Dec 12, 2011
Joseph Malaby Dent (30 August 1849 – 9 May 1926) was the British book publisher who gave the world the Everyman's Library series.
After a short, unsuccessful career as an apprentice printer he took up bookbinding, and shortly thereafter founded J. M. Dent and Company, in 1888, publishing the works of Lamb, Goldsmith, Austen, Chaucer, and Tennyson among others. Printed in short runs on handmade paper, these books enjoyed some success, but it wasn't until the Temple Shakespeare series, launched in 1894, that Dent hit the big time.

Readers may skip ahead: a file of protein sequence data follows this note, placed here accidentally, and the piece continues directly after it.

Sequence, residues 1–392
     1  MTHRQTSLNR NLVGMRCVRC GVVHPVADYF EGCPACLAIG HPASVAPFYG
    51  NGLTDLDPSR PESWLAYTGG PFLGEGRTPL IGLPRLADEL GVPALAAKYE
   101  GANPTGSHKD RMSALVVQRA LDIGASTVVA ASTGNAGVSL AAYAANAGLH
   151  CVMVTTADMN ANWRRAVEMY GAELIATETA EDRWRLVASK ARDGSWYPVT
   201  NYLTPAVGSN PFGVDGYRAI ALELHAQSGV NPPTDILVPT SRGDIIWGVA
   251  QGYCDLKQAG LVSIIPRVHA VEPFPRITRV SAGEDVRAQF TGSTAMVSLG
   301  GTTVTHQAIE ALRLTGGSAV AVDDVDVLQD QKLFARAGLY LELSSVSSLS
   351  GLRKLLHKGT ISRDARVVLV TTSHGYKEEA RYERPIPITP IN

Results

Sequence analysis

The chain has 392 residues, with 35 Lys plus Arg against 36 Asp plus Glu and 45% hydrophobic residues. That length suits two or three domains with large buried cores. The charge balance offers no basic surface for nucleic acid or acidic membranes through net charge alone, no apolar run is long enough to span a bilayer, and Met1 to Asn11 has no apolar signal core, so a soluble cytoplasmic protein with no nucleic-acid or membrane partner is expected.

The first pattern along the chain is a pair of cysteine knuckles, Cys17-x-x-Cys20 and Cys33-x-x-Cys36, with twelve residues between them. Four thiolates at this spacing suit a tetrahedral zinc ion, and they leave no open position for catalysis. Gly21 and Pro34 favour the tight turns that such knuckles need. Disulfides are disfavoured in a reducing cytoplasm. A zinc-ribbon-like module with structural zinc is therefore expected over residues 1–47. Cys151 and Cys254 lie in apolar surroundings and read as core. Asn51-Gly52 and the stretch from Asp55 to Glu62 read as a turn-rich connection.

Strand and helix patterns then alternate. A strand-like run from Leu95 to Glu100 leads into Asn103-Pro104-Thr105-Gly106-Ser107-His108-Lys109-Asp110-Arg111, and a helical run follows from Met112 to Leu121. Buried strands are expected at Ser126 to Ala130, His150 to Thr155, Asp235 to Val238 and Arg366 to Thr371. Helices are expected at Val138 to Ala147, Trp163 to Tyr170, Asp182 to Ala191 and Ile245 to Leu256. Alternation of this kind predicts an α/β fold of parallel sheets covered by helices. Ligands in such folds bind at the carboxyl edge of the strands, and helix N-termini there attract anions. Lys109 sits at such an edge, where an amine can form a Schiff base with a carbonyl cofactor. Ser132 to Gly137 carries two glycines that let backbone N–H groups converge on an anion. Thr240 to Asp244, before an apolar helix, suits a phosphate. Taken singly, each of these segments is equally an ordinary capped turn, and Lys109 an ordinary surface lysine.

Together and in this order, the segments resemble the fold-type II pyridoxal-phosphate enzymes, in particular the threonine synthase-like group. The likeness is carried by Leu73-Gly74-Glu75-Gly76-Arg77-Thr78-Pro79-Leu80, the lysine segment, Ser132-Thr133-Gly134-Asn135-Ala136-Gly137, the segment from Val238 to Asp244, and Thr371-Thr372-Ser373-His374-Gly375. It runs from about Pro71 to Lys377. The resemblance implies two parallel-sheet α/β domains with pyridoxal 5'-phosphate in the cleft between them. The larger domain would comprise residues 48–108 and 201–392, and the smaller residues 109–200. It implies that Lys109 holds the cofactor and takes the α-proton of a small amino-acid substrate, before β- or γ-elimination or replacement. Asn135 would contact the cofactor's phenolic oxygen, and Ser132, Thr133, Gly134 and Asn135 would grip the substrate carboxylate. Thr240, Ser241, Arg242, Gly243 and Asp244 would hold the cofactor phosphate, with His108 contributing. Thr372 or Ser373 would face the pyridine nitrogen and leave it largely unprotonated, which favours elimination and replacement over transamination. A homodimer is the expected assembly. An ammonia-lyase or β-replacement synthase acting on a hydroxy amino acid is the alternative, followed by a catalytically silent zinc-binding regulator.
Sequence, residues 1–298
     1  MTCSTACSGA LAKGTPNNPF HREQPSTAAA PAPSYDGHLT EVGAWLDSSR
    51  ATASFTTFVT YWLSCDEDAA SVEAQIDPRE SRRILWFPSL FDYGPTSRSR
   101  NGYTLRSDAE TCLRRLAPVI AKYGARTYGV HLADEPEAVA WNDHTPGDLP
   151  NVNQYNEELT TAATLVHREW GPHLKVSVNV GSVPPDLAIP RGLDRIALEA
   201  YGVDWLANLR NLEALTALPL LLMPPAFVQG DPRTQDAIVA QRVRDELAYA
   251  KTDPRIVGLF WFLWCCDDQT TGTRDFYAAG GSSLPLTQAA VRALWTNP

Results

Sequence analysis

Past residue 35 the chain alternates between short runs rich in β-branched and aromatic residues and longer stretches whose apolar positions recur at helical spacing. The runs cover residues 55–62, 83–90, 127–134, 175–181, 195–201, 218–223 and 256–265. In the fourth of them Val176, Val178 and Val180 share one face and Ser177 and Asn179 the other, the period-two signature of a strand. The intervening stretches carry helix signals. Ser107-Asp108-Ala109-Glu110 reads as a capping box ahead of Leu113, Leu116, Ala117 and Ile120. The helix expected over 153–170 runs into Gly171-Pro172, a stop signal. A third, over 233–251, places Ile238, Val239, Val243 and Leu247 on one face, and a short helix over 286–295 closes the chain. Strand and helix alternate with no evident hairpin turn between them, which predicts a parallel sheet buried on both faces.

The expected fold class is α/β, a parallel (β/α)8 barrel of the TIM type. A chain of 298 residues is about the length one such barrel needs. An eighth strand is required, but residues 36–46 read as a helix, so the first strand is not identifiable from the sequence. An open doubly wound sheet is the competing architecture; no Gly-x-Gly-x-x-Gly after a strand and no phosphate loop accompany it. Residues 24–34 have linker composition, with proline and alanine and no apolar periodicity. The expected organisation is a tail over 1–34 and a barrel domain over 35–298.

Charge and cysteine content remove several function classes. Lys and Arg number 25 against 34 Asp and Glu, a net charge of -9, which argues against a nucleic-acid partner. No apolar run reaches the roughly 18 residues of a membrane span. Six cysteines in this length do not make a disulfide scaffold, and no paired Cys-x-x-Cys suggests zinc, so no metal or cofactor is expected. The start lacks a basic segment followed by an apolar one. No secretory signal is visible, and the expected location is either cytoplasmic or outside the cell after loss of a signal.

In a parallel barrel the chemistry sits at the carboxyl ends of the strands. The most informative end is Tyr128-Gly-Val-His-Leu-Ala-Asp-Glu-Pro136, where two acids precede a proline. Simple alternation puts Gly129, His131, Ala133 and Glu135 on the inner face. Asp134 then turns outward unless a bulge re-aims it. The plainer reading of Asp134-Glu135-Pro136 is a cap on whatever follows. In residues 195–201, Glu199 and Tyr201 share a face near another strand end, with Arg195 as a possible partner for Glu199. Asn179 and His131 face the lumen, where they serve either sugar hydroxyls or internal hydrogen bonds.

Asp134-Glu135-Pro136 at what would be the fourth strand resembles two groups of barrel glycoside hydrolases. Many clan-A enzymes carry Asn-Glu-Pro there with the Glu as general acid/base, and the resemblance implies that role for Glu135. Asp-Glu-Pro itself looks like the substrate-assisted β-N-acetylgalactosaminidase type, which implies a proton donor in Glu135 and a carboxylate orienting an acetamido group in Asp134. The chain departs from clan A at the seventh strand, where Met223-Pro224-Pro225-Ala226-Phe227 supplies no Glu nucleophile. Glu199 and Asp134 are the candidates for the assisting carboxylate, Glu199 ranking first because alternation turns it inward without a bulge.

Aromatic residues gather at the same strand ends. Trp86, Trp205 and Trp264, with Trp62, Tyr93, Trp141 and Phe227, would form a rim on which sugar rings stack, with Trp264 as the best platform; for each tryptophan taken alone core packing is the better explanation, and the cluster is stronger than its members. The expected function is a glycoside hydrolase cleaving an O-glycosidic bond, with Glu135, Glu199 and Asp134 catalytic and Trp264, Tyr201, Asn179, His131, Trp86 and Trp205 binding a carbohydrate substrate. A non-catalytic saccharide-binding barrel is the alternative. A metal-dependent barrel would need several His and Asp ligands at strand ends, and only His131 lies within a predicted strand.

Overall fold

Ten years later he began planning what became known as the Everyman's Library, a canon of one thousand classics, attractively, but practically, produced pocket-sized books sold for a shilling each. To meet demand, Dent built the Temple Press. Publication of the series began in 1906; 152 titles were issued in the first year. They were hugely popular.
'Small, lame, tight-fisted, and apt to weep under pressure,' Dent's ungovernable passion was, says critic Hugh Kenner, for bringing books to the people. He remembered when he'd longed to buy books he couldn't afford. Yes, you could make the world better. He even thought cheap books might prevent wars."
I met with renowned book historian Professor Johathan Rose to discuss J.M.Dent, and to find out why the Everyman's Library series was so successful.